Holiday Survival Tips for the Divorced Parent

This time of the year is supposed to be full of laughter and cheer; however, when you are a divorced parent, it can be full of stress and conflict. Whether it is because your children won’t be with you or because you and your former spouse cannot agree on parenting time details, the holidays can bring on anxiety instead of peace for some divorced parents. To help get your through the holiday season, a Murfreesboro divorce attorney at Bennett, Michael & Hornsby offers some holiday survival tips for the divorced parent.

Holiday Pitfalls to Avoid and Tips to Follow for Divorce Parents

When you are a divorced parent with children, just thinking about the holidays can cause you to cringe. The prospect of parenting time conflicts, transportation nightmares, spending time alone, and general chaos can make you dread this time of the year. The good news is that there are some things you can do to decrease the amount of stress and anxiety you experience this holiday season. The following tips may help:

  • Know the terms of your parenting plan.  Like most states, Tennessee requires the parents of a minor child to submit a parenting plan during a divorce. The terms of that plan will dictate which parent is the primary residential parent and which is the alternative residential parent as well as set a parenting time schedule. The parenting time schedule should cover school holidays. Be sure you have a clear understanding of the terms of your parenting plan ahead of time, so you know what to expect.
  • Communicate early and often with your former spouse.  Although some divorced couples have great communication, many do not. When it comes to holiday scheduling, however, you may be required to communicate with your former spouse even if you would rather not. It is especially important to communicate with your ex early on if you are requesting a change to the parenting time schedule or if you need to arrange transportation for your child.  Always communicate in writing so there is a record of your communications in case of a dispute.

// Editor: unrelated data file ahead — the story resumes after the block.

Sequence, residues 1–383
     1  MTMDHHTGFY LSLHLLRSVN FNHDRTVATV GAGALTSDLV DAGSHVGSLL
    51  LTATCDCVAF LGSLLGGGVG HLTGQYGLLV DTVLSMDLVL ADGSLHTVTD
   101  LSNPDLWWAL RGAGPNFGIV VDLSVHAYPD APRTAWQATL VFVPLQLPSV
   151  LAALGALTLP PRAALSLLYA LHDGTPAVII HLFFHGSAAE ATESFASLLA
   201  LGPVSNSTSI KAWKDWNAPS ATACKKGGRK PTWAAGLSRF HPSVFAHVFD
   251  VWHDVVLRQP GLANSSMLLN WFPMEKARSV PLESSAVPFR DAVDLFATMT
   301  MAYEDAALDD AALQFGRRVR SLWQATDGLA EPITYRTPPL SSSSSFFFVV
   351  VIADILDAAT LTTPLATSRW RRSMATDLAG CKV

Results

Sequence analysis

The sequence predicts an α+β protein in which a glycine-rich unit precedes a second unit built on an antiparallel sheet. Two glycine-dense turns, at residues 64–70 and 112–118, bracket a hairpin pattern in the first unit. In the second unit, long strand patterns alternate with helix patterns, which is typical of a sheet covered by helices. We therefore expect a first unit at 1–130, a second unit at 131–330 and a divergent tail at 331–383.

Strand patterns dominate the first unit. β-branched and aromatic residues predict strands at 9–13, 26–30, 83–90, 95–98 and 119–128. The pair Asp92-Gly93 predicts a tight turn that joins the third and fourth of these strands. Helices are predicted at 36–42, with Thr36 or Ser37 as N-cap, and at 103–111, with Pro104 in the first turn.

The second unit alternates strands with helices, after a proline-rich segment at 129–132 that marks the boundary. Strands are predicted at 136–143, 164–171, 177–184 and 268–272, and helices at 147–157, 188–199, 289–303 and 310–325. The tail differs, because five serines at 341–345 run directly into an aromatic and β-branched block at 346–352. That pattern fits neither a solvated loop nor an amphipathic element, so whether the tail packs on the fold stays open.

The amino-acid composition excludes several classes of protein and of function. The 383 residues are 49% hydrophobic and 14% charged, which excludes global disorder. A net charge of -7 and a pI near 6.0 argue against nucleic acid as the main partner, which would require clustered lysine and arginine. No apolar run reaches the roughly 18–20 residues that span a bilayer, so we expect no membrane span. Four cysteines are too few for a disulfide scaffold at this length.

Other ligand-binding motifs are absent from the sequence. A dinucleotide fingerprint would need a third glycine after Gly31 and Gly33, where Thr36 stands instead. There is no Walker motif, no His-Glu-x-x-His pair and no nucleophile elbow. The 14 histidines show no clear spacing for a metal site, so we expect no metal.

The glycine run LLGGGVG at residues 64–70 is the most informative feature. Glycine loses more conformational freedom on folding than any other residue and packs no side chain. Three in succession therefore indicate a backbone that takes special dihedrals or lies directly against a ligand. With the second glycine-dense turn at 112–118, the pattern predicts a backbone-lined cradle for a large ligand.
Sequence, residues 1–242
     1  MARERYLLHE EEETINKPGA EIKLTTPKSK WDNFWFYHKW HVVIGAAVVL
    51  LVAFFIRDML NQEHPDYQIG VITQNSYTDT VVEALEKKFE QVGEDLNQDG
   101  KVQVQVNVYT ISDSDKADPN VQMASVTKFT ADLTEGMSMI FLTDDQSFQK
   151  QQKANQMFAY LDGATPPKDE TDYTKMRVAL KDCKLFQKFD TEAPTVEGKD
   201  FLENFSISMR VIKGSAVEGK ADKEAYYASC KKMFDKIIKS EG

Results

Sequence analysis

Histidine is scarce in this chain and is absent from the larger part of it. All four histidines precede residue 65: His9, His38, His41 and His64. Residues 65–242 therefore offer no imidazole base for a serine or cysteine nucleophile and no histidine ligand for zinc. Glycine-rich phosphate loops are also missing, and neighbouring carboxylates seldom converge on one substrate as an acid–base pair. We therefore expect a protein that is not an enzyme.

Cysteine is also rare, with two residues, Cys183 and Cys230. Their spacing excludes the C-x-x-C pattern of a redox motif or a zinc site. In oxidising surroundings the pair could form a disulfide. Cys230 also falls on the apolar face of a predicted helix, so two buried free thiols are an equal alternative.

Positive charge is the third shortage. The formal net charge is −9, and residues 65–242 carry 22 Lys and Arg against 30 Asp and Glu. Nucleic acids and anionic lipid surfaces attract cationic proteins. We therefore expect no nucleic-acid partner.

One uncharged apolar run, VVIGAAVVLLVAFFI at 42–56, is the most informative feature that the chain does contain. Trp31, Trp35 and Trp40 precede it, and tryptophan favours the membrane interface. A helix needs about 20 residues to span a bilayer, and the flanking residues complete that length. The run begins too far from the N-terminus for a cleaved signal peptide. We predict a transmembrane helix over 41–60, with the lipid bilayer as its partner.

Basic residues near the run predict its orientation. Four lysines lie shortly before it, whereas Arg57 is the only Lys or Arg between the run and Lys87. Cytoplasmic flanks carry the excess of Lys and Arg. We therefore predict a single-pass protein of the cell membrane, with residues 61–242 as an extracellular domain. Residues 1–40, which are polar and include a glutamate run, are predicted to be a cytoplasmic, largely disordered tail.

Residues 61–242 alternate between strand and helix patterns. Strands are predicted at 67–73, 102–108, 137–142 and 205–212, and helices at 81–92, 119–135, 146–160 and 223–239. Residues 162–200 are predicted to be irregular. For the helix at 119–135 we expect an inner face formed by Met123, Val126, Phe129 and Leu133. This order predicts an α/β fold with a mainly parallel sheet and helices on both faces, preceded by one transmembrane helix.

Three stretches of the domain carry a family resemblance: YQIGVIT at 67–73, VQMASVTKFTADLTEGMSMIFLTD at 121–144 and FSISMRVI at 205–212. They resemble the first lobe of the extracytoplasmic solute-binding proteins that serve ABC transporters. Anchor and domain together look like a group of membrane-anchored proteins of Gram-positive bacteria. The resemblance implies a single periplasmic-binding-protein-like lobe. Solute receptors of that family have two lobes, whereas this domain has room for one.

• Keep tradition alive.  It can be a comforting both for your child and for you to retain at least some family traditions during the holidays. Whether it’s decorating gingerbread houses, attending the Nutcracker, or staying up until midnight on New Years Eve together, keep at least a few meaningful traditions to help you manage the changes that come with a divorce.
  • Create new traditions. While keeping old traditions alive is important, creating new ones can be as well. Talk to your child (if he/she is old enough) and decide on a new tradition you want to start this holiday season – something that is just yours.
  • Make plans for your time alone. If you know that your children will be spending time with their other parent over the holidays, plan accordingly to avoid feeling lonely which can lead to anxiety. This is particularly important if this will be your first year without your children. Talk to friends and family ahead of time and make concrete plans to spend time with them or make a list of holiday movies to binge watch – whatever works for you. 
  • Consult with an attorney if you are unsure where you stand. If a dispute does arise during the holiday season, or you are unsure what your rights are regarding your children, consult with an experienced divorce attorney before doing anything. Disputes between divorced parents are never fun but they can be particularly unpleasant for the parents and for the kids if they occur during the holidays. Knowing where you stand legally will put you in a better position if a conflict does arise.

Contact a Murfreesboro Divorce Attorney

If you have questions about holiday conflicts or issues as a divorce parent, contact an experienced Murfreesboro divorce attorney at Bennett, Michael & Hornsby as soon as possible by calling 615-898-1560 to schedule your free appointment.

Dinah Michael